A determination as to whether the element transistor 203N is in an on or off state can be made according to a change in the current which flows between the terminal E and the terminal F or a change in the potential of the terminal E or the terminal F. Therefore, the potential of the source D of the writing transistor 201, i.e., data written, can be known by finding out the state of the element transistor 203N. In order to find out the state of the element transistor 203N, the terminal E (or the terminal F) is generally connected to a reading circuit.

Note that in the case of reading data of another memory cell, the potential of the terminal C is set to a potential at which the element transistor 203N is turned on or off, regardless of the potential of the source D of the writing transistor 201. When the threshold is +0.5V, VDL is 0V, and VDH is +2V in the element transistor 203N, regardless of the potential of the source D of the writing transistor 201, the element transistor 203N is turned on by applying a potential higher than +0.5V to the terminal C, the element transistor 203N is turned off by applying a potential lower than −1.5V to the terminal C.

In order to reduce power consumption, in the case of a NOR memory device, the element transistor 203N is preferably in an off state except when the memory cell is read. On the other hand, in the case of a NAND memory device, it is required that all memory cells other than the memory cell within a NAND circuit are in an on state.

Note that in the memory cell 200N shown in FIG. 1B, the charge stored in the capacitor 202 does not leak at the time of reading. Therefore, a writing operation after a reading operation in the memory cell 200N is not needed, which is different from the memory cell shown in Embodiment 1.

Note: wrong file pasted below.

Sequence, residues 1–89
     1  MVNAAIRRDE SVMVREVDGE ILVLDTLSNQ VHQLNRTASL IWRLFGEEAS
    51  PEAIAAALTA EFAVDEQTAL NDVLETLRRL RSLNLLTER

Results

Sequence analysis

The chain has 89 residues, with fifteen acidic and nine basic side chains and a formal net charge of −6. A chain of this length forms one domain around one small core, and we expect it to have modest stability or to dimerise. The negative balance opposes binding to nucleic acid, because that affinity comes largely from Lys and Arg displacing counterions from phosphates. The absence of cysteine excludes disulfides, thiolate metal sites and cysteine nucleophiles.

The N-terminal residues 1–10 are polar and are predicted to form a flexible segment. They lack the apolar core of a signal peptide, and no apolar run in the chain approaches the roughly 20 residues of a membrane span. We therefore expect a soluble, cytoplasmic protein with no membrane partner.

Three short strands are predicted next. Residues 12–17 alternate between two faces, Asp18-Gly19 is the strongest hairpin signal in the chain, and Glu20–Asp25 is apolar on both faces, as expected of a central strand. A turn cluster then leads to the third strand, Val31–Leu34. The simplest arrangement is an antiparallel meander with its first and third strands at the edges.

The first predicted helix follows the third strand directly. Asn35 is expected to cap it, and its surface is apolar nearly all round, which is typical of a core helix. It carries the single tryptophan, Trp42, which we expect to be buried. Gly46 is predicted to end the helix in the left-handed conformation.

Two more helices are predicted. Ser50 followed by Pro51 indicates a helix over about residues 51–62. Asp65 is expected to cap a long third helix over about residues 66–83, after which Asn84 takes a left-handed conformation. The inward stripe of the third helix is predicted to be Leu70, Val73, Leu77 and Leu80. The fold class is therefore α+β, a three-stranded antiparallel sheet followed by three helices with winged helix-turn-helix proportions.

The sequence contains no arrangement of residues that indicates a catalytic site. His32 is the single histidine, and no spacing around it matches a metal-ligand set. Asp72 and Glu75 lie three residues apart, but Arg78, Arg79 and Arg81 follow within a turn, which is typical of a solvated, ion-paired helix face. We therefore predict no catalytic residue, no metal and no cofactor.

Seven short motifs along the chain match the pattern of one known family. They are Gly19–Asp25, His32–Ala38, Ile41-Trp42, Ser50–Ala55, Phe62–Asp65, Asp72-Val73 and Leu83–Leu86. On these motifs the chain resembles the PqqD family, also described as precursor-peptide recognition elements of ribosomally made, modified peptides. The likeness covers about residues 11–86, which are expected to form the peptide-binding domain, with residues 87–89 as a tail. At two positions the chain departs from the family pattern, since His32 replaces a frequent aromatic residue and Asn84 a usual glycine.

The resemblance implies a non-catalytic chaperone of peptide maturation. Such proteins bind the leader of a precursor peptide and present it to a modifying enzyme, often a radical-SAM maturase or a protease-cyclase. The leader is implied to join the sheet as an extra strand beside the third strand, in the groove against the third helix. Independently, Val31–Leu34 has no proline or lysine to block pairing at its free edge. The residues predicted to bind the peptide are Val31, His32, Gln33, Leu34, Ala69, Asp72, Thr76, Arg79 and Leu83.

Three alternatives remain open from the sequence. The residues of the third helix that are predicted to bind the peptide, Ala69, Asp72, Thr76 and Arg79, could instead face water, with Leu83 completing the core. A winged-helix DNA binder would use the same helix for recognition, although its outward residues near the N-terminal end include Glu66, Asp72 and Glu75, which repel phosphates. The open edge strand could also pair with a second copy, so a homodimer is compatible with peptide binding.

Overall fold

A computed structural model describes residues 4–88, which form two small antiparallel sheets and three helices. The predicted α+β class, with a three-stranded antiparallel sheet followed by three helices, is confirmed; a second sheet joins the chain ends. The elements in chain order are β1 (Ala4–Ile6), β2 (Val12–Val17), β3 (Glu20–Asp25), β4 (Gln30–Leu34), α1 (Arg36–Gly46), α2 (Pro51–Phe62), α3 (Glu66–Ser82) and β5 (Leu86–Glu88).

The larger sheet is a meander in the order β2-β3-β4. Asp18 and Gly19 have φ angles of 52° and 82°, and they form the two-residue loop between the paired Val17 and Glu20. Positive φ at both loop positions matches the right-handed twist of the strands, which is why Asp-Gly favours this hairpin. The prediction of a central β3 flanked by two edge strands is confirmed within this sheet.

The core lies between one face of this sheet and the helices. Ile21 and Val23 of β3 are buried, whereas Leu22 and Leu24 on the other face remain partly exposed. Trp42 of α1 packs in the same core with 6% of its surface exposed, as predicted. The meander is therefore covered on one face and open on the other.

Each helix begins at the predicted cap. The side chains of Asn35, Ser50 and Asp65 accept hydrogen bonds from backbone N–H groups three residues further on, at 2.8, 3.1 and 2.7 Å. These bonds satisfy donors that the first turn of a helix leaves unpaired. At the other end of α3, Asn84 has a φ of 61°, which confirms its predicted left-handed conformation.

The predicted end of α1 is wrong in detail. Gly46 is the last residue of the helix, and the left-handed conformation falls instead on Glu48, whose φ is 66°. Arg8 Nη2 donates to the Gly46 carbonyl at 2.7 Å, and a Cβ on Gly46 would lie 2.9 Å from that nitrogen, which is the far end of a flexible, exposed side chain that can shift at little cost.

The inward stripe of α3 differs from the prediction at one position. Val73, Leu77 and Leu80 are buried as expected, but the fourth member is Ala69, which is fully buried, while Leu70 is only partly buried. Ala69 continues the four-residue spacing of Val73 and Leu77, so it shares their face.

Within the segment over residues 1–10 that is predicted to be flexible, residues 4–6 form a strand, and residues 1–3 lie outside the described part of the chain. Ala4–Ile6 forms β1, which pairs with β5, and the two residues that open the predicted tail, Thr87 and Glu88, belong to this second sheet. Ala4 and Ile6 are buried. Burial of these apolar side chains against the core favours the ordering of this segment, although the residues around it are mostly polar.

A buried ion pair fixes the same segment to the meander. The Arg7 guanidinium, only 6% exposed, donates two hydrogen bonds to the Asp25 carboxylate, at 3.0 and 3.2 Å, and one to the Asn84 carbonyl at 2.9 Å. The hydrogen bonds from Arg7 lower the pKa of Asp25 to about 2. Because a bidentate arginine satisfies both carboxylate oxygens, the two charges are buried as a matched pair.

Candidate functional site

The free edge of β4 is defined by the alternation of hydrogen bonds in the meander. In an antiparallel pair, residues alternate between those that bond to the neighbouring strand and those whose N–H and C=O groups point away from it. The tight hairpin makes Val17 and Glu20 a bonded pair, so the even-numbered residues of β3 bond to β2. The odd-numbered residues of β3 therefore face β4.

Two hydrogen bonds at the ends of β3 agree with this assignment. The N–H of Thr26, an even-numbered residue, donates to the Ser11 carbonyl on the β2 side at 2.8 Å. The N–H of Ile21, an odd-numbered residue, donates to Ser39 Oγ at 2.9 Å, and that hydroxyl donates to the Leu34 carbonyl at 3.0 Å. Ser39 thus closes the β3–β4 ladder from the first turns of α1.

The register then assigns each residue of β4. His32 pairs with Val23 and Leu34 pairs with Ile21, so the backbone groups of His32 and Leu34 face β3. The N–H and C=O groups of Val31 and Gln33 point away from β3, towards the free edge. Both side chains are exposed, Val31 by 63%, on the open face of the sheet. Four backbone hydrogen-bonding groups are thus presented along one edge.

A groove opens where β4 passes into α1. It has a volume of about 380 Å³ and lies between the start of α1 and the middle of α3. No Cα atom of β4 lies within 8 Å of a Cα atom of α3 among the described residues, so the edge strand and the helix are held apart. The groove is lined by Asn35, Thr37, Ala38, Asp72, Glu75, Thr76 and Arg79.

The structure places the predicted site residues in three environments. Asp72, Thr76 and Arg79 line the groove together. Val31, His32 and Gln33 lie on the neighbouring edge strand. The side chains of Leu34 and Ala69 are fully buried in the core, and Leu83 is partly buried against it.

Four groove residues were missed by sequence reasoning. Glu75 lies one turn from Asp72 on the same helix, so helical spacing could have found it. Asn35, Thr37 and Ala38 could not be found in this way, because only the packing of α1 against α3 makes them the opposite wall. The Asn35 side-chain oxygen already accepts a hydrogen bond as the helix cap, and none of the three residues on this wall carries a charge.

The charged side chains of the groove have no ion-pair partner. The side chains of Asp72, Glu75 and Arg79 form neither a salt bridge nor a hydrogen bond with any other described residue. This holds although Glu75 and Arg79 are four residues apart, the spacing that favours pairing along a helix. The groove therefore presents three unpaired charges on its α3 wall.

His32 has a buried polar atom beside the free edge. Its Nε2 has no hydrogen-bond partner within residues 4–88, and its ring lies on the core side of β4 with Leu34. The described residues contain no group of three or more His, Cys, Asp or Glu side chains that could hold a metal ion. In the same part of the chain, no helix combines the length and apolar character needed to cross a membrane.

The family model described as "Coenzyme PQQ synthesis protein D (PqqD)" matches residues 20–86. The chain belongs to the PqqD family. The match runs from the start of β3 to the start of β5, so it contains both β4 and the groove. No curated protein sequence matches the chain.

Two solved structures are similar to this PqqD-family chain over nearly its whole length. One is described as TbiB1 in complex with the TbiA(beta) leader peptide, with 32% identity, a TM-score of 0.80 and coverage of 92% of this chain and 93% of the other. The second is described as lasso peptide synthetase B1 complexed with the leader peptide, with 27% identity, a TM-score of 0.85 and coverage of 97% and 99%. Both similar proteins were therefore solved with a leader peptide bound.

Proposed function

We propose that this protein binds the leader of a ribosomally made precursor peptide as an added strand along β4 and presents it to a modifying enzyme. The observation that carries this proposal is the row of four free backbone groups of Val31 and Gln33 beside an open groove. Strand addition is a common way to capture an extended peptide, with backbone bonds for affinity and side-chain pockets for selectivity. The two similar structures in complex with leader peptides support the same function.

That is an example in which one memory cell stores one of two kinds (two levels) of data; one memory cell can also store any of three or more kinds (multiple levels) of data by using three or more levels of voltages for the terminal A in the writing operation. The capability of one memory cell to store multiple levels of data provides substantially the same effect as increasing the degree of integration.

FIG. 1C shows a circuit diagram of another memory cell. In a memory cell 200P illustrated in FIG. 1C, the writing transistor 201 and the capacitor 202 are the same as those in FIG. 1A, but an element transistor is a P-channel transistor (an element transistor 203P). The number of terminals may be reduced by improving the circuit illustrated in FIG. 1B or FIG. 1C.